'Foolish business owners who push forward with hydrogen vehicles will be fired by their shareholders': H2 taxi operator




Fuel-cell vehicles are simply too expensive to run, says head of Japanese taxi firm, as Air Liquide executive admits that selling hydrogen as fuel is not profitable


The head of a Japanese taxi company that started operating two hydrogen-powered Toyota Mirai cars as taxis in May in the city of Kobe has been less than impressed with their economics.


Yoshiaki Aoki, president of MK West Japan Group, told Bloomberg Japan that fuel-cell electric vehicles (FCEVs) have poorer fuel efficiency compared to hybrid vehicles, so operating an FCEV as a taxi that drives about 150,000km annually, requires an additional fuel cost of ¥1m ($7,047).


As customers will not pay double to ride in a hydrogen taxi, “foolish business owners who push forward with the introduction of FCEVs will be fired by their shareholders”, he said, according to Bloomberg Japan.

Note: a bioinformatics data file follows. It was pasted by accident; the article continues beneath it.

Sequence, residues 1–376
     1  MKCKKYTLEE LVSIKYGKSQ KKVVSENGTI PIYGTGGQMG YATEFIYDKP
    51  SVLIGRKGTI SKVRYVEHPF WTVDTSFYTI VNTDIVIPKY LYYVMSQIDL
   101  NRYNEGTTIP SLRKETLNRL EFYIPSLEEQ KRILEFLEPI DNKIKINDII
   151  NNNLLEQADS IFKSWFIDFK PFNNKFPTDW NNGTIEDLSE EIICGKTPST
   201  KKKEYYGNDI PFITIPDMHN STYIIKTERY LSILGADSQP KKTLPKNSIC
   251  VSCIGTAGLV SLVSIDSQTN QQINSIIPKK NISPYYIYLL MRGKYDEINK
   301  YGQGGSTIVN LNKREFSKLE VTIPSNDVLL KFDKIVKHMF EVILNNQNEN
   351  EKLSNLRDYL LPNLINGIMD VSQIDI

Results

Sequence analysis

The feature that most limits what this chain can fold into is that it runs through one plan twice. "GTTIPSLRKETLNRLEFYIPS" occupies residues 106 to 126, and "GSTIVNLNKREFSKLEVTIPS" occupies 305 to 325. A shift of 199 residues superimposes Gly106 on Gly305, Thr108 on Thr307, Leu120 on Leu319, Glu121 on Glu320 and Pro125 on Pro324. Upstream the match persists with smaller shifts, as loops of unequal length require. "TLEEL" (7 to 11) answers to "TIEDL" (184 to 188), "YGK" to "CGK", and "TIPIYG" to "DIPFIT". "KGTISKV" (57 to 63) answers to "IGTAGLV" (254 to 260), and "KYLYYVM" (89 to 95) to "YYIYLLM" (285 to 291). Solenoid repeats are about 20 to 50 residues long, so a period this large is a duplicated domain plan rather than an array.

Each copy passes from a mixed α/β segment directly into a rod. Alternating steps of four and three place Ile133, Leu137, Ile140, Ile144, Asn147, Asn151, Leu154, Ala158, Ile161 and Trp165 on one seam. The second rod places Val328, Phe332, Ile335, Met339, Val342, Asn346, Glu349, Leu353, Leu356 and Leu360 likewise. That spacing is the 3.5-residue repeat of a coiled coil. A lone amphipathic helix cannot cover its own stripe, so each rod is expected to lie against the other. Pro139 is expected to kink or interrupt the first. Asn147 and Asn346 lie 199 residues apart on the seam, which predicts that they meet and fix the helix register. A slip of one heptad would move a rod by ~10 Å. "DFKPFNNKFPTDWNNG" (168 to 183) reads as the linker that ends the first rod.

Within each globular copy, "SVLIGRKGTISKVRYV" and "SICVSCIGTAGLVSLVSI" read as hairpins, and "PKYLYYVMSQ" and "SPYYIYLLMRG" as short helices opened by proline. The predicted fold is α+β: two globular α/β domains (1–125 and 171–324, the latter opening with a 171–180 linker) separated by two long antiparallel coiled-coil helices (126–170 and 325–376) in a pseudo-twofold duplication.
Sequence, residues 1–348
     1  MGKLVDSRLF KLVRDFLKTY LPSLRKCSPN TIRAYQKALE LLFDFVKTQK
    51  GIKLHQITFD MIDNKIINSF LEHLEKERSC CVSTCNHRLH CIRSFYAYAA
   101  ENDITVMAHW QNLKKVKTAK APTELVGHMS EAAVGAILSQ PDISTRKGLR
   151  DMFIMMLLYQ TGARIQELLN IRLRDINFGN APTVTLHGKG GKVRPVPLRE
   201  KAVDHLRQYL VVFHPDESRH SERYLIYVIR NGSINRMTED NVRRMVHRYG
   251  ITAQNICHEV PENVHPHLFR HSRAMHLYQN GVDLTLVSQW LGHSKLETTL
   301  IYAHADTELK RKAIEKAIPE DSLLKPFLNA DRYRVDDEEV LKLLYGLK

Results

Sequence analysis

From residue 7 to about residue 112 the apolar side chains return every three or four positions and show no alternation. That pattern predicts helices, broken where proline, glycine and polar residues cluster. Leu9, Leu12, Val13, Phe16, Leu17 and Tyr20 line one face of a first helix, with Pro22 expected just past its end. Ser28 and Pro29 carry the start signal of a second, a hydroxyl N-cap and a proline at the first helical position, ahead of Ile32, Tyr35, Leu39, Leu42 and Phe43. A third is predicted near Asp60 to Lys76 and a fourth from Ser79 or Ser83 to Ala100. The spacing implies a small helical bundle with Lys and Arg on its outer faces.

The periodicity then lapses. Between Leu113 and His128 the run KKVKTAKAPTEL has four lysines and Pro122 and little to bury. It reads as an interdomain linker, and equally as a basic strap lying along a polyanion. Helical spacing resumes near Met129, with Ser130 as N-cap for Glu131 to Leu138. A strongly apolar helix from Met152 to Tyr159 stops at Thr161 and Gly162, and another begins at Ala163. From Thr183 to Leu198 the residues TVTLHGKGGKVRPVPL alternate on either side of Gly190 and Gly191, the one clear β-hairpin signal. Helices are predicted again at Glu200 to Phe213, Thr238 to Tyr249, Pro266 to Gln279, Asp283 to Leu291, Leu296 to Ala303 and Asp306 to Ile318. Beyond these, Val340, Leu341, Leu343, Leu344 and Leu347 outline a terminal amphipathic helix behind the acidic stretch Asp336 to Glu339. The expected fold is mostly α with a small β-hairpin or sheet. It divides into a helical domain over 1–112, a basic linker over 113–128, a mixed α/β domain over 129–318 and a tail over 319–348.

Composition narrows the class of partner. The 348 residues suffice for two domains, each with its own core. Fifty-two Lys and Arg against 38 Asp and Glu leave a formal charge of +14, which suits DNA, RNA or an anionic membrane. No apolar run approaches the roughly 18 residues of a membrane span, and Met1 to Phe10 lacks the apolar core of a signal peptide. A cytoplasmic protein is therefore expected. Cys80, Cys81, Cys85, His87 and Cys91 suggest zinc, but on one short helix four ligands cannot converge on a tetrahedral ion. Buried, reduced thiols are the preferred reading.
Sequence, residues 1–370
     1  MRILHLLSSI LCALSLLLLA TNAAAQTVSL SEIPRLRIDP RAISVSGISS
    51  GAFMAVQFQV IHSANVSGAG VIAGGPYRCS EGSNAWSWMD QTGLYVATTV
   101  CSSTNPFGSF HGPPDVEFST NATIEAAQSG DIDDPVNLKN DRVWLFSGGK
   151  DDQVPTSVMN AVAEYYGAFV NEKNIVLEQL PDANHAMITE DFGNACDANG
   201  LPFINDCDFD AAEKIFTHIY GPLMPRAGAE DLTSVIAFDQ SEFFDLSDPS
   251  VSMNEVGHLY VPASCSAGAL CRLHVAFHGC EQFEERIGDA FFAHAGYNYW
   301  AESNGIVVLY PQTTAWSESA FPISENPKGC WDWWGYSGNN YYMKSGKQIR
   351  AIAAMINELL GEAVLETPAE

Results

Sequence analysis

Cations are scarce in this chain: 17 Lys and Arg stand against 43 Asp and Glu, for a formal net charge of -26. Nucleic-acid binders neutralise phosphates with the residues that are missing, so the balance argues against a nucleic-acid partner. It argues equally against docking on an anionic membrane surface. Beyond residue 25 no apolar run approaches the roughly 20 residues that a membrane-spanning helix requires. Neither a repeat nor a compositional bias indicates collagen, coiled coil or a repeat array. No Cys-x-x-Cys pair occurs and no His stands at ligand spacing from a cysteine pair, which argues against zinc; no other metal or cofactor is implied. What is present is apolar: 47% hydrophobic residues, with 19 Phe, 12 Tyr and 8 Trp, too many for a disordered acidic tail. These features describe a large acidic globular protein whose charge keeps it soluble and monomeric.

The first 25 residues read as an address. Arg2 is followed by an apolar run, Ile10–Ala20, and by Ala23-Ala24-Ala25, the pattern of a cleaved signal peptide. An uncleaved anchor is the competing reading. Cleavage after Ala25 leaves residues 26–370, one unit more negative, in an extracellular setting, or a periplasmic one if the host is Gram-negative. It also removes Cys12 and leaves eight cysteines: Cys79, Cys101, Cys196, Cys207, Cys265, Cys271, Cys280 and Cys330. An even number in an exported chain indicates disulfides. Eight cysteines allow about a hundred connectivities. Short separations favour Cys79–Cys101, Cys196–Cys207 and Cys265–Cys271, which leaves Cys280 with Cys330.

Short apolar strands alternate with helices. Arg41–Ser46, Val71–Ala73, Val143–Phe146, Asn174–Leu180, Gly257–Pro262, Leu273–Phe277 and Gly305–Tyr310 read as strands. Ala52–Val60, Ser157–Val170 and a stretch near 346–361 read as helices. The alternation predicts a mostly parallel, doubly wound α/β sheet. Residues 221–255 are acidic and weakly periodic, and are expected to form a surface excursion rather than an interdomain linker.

Although it has been eight-and-a-half years since the Mirai, the world’s first production hydrogen car, was launched in Japan, less than 8,000 FCEVs have been sold in the country to date.


Even though there are 181 hydrogen filling stations operating or under construction in Japan, the scarcity of these is still being touted as the reason why FCEVs have not taken off nationally.


Air Liquide Japan, which operates the H2 pump powering MK West’s two Mirais, told Bloomberg Japan that there are two inherent problems with operating commercial hydrogen filling stations.


“We can’t build a station because there’s no demand, and we can’t sell cars because there’s no station,” said senior managing executive officer Takahiro Ueno.


Despite government subsidies and financial support from automakers such as Toyota, with less than 50 vehicles per filling station, “hydrogen sold for so-called mobility is not profitable”.


Aoki said that H2 fuel in Japan needs to be at least half the current price before he would consider introducing more FCEVs to his company’s fleet, and then he would convert all the group’s 500 taxis to hydrogen.



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